How freedom is lost: a primer

Freedom is like a muscle: without exercise, it atrophies. Consider the case of Geert Wilders, which I mentioned in this virtual space yesterday. Last week, Gordon Brown’s government could have exercised the freedom muscle and allowed Wilders entry into Britain to address the House of Lords and to screen “Fitna,” his 15-minute film about the Koranic roots of Islamic terrorism. Instead, Mr. Brown’s government took the lazy way out. Much easier to turn back a duly elected Member of Parliament at Heathrow than risk the unhappiness of an intolerant minority. Easier, that is, today, when it might seem that the only person’s freedom directly at stake is a controversial foreign politician.


That’s the thing about the freedom muscle, though. You neglect to exercise it today for the sake of something that seems marginal, and tomorrow you find yourself incapable of deploying it to defend something that seems much closer to home.

An invaluable new website called The International Free Press Society carries a transcript of the address Wilders planned to deliver at the House of Lords last Thursday. It makes for interesting reading. Wilders’s provocative thesis–it is a prominent leitmotif in his film “Fitna” as well–is that although “there might be moderate Muslims, . . . there is no moderate Islam.” He explains:

Islam will never change, because it is build on two rocks that are forever, two fundamental beliefs that will never change, and will never go away. First, there is Quran, Allah’s personal word, uncreated, forever, with orders that need to be fulfilled regardless of place or time. And second, there is al-insal al-kamil, the perfect man, Muhammad the role model, whose deeds are to be imitated by all Muslims. And since Muhammad was a warlord and a conqueror we know what to expect.

You may have heard some well-meaning politicians tell you that “Islam” means “Peace.” Not so. As Wilders points out,

Islam means submission, so there cannot be any mistake about it’s goal. That’s a given. The question is whether the British people, with its glorious past, is longing for that submission.

We see Islam taking off in the West at an incredible speed. The United Kingdom has seen a rapid growth of the number of Muslims. Over the last ten years, the Muslim population has grown ten times as fast as the rest of society. This has put an enormous pressure on society. Thanks to British politicians who have forgotten about Winston Churchill, the English now have taken the path of least resistance. They give up. They give in.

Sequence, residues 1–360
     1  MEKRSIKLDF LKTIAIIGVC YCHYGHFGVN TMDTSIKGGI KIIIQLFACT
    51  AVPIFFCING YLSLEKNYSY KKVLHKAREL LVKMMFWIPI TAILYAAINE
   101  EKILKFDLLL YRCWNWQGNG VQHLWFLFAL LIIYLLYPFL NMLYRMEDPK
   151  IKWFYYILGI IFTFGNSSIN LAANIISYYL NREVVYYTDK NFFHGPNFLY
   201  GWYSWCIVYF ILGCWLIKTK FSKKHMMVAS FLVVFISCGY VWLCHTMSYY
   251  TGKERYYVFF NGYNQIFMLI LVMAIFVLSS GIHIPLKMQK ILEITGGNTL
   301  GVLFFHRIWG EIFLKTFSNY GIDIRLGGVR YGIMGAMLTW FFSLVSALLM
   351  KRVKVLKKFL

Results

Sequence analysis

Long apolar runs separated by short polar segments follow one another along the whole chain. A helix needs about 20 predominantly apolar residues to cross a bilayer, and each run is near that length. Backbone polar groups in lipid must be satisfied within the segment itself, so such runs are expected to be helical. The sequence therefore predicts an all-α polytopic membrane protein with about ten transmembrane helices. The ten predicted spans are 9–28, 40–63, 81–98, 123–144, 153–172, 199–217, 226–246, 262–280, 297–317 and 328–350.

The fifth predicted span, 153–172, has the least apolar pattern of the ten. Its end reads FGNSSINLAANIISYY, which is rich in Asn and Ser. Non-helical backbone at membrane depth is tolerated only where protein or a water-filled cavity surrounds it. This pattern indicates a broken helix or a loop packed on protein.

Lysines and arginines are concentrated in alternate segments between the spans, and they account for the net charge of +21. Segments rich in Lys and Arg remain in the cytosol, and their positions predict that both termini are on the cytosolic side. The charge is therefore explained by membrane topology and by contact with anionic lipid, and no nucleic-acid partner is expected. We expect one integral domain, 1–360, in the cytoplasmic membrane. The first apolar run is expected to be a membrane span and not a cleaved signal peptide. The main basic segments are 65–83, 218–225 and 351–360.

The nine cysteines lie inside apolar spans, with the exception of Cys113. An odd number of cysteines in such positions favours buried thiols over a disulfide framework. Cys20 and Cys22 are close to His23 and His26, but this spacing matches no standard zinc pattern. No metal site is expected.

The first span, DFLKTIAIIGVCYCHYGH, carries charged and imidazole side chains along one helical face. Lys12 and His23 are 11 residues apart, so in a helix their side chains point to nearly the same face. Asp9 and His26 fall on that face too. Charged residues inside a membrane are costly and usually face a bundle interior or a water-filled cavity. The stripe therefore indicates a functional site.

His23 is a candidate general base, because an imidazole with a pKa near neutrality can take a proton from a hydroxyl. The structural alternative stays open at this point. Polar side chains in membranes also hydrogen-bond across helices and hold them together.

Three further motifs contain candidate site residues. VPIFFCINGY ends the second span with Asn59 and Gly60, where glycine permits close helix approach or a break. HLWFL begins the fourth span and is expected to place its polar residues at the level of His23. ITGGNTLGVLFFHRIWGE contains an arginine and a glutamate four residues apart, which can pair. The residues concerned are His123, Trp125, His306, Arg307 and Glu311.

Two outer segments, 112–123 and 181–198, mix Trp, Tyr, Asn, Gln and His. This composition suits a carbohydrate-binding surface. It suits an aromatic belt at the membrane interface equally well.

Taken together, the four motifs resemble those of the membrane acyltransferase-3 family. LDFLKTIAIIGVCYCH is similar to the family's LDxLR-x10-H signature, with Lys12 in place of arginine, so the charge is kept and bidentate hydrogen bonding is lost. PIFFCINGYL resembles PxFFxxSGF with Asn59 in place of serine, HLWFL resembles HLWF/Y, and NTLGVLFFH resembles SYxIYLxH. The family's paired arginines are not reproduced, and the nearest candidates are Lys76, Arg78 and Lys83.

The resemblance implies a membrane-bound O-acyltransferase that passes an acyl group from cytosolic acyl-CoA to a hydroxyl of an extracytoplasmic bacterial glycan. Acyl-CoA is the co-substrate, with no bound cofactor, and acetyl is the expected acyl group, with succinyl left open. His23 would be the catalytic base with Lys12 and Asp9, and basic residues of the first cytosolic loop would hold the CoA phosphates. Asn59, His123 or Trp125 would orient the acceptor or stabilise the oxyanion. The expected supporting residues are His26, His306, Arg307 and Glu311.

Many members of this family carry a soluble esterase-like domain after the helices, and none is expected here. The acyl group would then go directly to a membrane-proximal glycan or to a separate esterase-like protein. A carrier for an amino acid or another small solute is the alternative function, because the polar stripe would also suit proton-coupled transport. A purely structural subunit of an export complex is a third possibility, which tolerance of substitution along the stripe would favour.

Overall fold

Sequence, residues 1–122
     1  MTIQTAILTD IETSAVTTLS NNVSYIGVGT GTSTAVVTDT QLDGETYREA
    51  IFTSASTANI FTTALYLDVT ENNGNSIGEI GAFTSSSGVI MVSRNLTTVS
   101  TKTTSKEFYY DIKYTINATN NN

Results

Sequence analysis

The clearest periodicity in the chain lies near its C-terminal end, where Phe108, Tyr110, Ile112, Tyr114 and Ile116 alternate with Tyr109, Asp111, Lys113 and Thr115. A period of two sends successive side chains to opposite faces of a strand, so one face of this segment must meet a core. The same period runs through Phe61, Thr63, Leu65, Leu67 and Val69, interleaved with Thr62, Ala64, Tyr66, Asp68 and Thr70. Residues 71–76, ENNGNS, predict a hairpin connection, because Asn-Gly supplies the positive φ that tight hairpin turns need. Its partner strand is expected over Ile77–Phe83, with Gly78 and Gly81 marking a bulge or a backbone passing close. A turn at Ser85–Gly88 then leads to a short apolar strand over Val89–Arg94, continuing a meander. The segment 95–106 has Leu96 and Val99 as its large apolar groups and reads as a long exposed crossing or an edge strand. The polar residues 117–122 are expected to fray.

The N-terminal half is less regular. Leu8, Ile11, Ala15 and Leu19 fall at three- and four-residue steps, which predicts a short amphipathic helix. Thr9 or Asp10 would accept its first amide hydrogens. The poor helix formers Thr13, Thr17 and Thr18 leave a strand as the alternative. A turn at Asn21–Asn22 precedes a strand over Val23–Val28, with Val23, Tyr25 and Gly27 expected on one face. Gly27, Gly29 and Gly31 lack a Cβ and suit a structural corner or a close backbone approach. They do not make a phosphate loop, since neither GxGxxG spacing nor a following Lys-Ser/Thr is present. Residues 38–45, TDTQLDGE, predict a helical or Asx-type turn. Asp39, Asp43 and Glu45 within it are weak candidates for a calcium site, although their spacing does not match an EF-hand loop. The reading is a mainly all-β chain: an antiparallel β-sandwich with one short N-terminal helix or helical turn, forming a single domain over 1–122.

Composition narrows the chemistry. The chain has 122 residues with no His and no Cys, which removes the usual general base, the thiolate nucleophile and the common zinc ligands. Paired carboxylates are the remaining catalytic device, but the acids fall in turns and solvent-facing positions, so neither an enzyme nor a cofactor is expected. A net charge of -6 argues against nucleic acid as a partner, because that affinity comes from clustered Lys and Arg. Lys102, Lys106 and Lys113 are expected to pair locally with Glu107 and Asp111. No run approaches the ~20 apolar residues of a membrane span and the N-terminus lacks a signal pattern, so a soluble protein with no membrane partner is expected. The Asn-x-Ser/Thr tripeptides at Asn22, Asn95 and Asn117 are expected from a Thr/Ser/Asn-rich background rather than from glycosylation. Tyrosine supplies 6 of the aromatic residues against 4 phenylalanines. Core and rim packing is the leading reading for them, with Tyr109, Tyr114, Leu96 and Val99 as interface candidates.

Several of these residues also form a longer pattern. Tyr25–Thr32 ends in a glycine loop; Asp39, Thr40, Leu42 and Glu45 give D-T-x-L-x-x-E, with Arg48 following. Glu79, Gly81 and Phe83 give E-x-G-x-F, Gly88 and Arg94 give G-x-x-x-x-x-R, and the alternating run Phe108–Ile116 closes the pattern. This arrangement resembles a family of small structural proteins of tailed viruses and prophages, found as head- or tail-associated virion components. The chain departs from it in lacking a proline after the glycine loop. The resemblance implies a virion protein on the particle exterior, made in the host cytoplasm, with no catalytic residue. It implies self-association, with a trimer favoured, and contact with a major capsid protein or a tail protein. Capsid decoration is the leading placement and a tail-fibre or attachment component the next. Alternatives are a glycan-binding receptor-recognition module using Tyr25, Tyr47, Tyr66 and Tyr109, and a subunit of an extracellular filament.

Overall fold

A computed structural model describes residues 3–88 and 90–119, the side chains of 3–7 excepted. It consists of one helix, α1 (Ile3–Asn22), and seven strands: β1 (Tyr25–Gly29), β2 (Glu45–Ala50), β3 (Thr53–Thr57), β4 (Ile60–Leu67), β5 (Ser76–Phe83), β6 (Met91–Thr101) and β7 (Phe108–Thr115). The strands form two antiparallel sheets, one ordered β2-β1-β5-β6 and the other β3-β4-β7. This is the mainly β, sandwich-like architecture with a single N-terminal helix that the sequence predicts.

There is a great irony about Wilders’s remarks as posted on the website of the International Free Speech Society. It had been no secret that the British Government was lees than thrilled by the prospect of his appearance at the House of Lords. But although Jacqui Smith, the Home Secretary, had made her displeasure known, Wilders assumed he would in the end be allowed into the country. Hence these remarks:

Thank you very much for letting me into the country. I received a letter from the Secretary of State for the Home Department, kindly disinviting me. I would threaten community relations, and therefore public security in the UK, the letter stated.

For a moment I feared that I would be refused entrance. But I was confident the British government would never sacrifice free speech because of fear of Islam. Britannia rules the waves, and Islam will never rule Britain, so I was confident the Border Agency would let me through.

So one might have thought. After all, as Wilders went on to observe,

you have invited stranger creatures than me. Two years ago the House of Commons welcomed Mahmoud Suliman Ahmed Abu Rideh, linked to Al Qaeda. He was invited to Westminster by Lord Ahmed, who met him at Regent’s Park mosque three weeks before. Mr. Rideh, suspected of being a money man for terror groups, was given a SECURITY sticker for his Parliamentary visit.

Lord Ahmed, by the way, is the Muslim Labor Lord who agitated for banning Wilders and, after he succeeded, immediately went to the Pakistani press to boast by the achievement.  Wilders’s concluding remarks about this issue must give anyone who cares about liberty a queasy feeling:


Well, if you let in this man [i.e., Rideh], than an elected politician from a fellow EU country surely is welcome here too. By letting me speak today you show that Mr Churchill’s spirit is still very much alive. And you prove that the European Union truly is working; the free movement of persons is still one of the pillars of the European project.

How do you reckon Mr. Churchill’s spirit is faring now? How about freedom and “the European project”? How’s that doing?

As Wilders noted, a few weeks ago, an Amsterdam Court ordered his criminal prosecution for making “Fitna” and for expressing his views about Islam. He had, as he put it, “committed what George Orwell called a ‘thought crime.'”

You can, as of February 15, 2009, anyway, still find “Fitna” on the internet–here, for example. Take a look.  Much of the film is devoted to juxtaposing verses from the Koran with images from what Home Secretary Jacqui Smith insists we call “anti-Islamic activity,” but what most of us would call Islamic terrorism, e.g., Boeing 767s piloted by Muslim fanatics slamming into the World Trade Center, a train in Madrid incinerated by other Muslim fanatics, Theo Van Gogh stabbed to death in broad daylight in Amsterdam by yet another Muslim fanatic, etc., etc. So here’s another irony that Wilders points out. Although his name is on the film’s credits, there is an important sense in which he was not the true author of the film. “It was made for me,” observes Wilders. “It was actually produced by Muslim extremists, the Quran and Islam itself.” Indeed.


Last week–are you listening, Gordon Brown?–last week they came for Geert Wilders. Who will it be next week?


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